In order to maintain your dog's health and be proactive about their grooming, there are a few things to keep in mind. If a dog goes an extended period of time without grooming, there are a few health problems that can occur. Matted fur, nails growing into their paw, or parasites living on them to name a few.

Going to the groomers can keep them in tip-top shape, but after a while, it can burn a hole in your wallet.

If you have the bravery to try grooming your dog at home, it's well worth it in the long run.

Getting the tools needed to groom your dog at home will cost you upfront but will pay off big over time.

After you get the right equipment, you'll need to understand some of the dog grooming fundamentals.

Let's cover several pointers so you can know exactly what to do and what not to do. (This first one is the most common mistake I see dog owners make.)

1. Don't Wash Them Too Often

You want to make sure that they're clean, but without overdoing it. A dog's skin produces natural oils to protect them from bacteria and keep their skin from drying out. If they get washed too often, then it can damage their skin and leave them vulnerable. If you're going to wash them, keep it to a minimum and use lukewarm water. In this case, less is better. How often you'll need to wash them depends on the breed, ranging from once every few months to once every week.

A better alternative to washing is to blow dry them until they're clean. Save your nice towels from getting muddy every time they need to come inside after playing. If you want to clean them without stripping their skin of natural oils, try using the dog grooming blow dryer. It dries out their fur in minutes, without doing harm to their skin.

2. Brush Their Coat Often

Running a dog brush through their coat regularly will help prevent any hair from matting. The longer their hair goes unbrushed, the more likely it is to start matting up. If your dog has short hair, you don't have to worry about this as much. Golden retrievers and other long hair breeds are more susceptible to hair matting. Get yourself a good quality dog brush and add this to your grooming routine.

3. Cut Your Dogs Hair

If you're going to do this at home, make sure you proceed with caution and use the right tools. You'll need grooming clippers made specifically for dogs, regular clippers aren't recommended. Our dog grooming clippers have adjustable settings so you can cut the right amount of hair, every time. They're completely safe to use and the ultra-quiet motor makes them great to use on anxious dogs that get startled. The areas where you'll need to check are over the feet and eyes. If you notice hair getting too long, make sure to cut it as needed. This may not apply to all breeds but something to look out for if your dog has long hair.

4. Clean Inside Their Ears

It's good to take a look inside your dog's ears every once in a while. If there is dirt built up in their ear, it might be a good time to clean inside there. Using dog-specific ear wipes or cotton balls is a great way to go. This process can be uncomfortable for some dogs, be patient and move forward once you have their compliance.

Regular ear cleanings will lower the risk of ear infection, here are the giveaway signs to look out for:

- Shaking their head and itching their ears
- Ear is swollen/ irritated on the inside
- There is fluid/ discharge coming out of the ear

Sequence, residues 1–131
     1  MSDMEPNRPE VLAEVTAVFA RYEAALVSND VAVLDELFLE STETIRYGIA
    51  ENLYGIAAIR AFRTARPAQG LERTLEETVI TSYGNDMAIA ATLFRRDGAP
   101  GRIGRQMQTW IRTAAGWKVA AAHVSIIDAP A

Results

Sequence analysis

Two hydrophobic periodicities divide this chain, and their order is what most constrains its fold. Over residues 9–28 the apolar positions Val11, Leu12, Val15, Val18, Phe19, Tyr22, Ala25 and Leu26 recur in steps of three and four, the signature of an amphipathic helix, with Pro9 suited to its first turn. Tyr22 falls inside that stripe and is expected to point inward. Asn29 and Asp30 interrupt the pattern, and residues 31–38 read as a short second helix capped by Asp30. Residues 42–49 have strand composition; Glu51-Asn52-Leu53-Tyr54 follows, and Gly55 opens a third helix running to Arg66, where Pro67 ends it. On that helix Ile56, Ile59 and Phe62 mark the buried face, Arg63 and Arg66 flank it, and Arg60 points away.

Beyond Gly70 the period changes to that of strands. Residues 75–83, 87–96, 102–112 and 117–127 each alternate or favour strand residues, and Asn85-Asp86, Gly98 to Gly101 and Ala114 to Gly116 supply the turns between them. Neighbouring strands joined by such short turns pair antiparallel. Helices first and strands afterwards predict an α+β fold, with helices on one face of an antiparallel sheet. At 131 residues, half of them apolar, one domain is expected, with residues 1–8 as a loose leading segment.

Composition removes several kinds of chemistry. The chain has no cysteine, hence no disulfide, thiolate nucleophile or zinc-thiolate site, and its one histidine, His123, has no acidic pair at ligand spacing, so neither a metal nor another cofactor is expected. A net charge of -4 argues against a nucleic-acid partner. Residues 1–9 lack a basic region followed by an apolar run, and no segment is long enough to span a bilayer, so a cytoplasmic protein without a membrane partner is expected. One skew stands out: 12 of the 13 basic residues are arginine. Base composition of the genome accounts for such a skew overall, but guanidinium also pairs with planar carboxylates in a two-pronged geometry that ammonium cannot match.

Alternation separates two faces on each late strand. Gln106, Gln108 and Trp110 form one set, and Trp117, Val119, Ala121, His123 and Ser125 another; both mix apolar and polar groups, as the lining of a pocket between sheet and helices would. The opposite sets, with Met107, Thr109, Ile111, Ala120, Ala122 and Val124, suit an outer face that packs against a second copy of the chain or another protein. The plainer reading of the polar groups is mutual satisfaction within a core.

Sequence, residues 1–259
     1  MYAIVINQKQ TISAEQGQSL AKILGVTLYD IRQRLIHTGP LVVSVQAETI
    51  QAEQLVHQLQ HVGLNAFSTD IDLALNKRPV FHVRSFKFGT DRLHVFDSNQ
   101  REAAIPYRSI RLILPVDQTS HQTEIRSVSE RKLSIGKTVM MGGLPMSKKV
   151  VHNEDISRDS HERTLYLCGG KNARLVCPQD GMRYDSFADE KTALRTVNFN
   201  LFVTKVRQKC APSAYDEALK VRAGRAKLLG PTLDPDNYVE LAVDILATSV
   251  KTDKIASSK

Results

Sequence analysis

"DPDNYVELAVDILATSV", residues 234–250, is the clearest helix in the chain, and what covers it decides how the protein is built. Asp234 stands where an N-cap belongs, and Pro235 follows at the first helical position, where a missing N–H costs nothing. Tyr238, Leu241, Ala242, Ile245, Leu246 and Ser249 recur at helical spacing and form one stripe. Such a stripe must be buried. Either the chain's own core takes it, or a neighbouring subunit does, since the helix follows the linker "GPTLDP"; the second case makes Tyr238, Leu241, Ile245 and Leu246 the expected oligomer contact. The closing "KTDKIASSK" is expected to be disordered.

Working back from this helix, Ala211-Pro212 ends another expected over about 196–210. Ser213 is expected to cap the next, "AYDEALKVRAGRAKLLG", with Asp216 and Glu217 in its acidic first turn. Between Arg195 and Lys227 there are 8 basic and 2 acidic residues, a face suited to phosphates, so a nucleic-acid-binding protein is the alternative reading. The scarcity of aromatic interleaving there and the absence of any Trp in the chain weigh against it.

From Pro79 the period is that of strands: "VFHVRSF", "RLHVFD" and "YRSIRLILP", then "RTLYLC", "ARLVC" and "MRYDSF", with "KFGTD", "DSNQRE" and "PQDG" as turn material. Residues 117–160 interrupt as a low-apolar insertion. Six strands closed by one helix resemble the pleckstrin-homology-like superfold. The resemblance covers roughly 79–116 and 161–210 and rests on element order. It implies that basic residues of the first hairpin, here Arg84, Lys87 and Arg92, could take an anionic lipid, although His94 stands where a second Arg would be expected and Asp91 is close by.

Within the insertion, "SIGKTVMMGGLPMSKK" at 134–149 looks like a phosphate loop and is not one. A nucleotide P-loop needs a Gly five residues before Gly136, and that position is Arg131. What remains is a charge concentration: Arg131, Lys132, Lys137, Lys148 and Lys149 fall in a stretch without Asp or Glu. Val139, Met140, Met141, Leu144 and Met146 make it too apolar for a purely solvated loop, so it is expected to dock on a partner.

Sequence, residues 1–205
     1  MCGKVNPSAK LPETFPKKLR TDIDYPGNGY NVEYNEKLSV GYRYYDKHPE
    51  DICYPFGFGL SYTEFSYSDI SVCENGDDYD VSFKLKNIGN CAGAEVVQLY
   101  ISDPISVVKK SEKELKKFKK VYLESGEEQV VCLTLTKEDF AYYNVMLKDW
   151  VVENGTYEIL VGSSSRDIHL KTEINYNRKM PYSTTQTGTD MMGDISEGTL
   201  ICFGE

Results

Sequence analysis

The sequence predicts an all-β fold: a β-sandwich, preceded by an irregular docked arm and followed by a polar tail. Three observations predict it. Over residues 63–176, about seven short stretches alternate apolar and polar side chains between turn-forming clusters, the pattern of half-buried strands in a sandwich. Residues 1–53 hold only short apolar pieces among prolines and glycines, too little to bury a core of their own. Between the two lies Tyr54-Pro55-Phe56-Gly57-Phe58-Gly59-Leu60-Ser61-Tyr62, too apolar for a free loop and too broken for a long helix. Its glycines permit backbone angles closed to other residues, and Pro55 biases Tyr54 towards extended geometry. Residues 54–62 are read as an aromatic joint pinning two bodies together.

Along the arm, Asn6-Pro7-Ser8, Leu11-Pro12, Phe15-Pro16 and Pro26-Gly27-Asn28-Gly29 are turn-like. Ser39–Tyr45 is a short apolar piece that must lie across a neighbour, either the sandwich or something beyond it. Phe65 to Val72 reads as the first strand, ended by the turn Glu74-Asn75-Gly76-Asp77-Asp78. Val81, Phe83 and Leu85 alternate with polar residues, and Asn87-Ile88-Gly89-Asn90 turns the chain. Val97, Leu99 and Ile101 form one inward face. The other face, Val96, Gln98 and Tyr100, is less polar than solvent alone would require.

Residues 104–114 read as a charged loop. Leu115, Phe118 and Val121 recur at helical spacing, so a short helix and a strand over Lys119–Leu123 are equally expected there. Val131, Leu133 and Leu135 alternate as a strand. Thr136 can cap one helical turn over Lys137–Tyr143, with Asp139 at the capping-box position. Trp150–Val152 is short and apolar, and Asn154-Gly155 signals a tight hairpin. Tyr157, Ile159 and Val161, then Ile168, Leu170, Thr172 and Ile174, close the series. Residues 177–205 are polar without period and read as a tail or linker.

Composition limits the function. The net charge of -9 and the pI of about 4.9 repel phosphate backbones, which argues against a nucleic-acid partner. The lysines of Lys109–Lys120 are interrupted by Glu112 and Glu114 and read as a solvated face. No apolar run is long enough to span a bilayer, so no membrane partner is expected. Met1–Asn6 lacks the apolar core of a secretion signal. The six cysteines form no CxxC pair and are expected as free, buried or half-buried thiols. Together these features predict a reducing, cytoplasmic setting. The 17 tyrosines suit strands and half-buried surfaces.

- Cries out when examining their ears

5. Check Their Skin

It's a great idea to check your dog's skin for rashes, irritation, and other abnormalities. After a long day of rolling around in the grass or dirt, they might come into contact with something that irritates their skin. If something goes untreated, it's possible to get worse and spread or go away on its own. It's best to be aware of it and see how it's progressing in case you need to take further action.

Every once in a while, check their skin by running your hands through it. Feel for dry skin, abnormal lumps, bumps, or if there are any fleas. Yes, what you find may alarm you, but it's good to identify a problem before it gets worse.

6. Reward Them For Cooperation

One of the biggest keys is having your dog look forward to grooming time. No, they may never enjoy grooming time, but if they know that if I do this, I will get XYZ, then I'm willing to put up with it. If they're food motivated, have some treats on hand to let them know they're doing great. If they're praise-motivated, be ready to cheer them on as they are going out of their comfort zone to make you happy. After a while, they may not mind grooming time anymore, and at the very least, they're more willing.

If you want to reward them with healthy treats, check out our crunchy delicious training biscuits.

7. Carefully Clip Their Nails

This is only necessary if your dog doesn't play in rough terrain or walk on pavement often. If you're going to do this at home you'll need to proceed with caution. You'll only want to cut the excess nail all while avoiding the quick. Under our nails, we have skin that's incredibly sensitive, the quick is a dog's equivalent to that. In order to avoid it, you'll only want to trim a small amount off of the excess nail.

Make sure your only cutting the transparent part of the nail while leaving some room before the quick. Cutting it too short can lead to infection and I'm sure your dog wouldn't be too fond of you after that. Cut it only as much as you need and if the nails are hitting the ground when they walk, it's time for a trimming.

Feeling ready to give it a go? The team at Pet Control HQ believes in you! Once you get down the basics, it'll feel like second nature. Hope these pointers helped out and leave a comment if you found this helpful!

September 08, 2022 — Nick Flint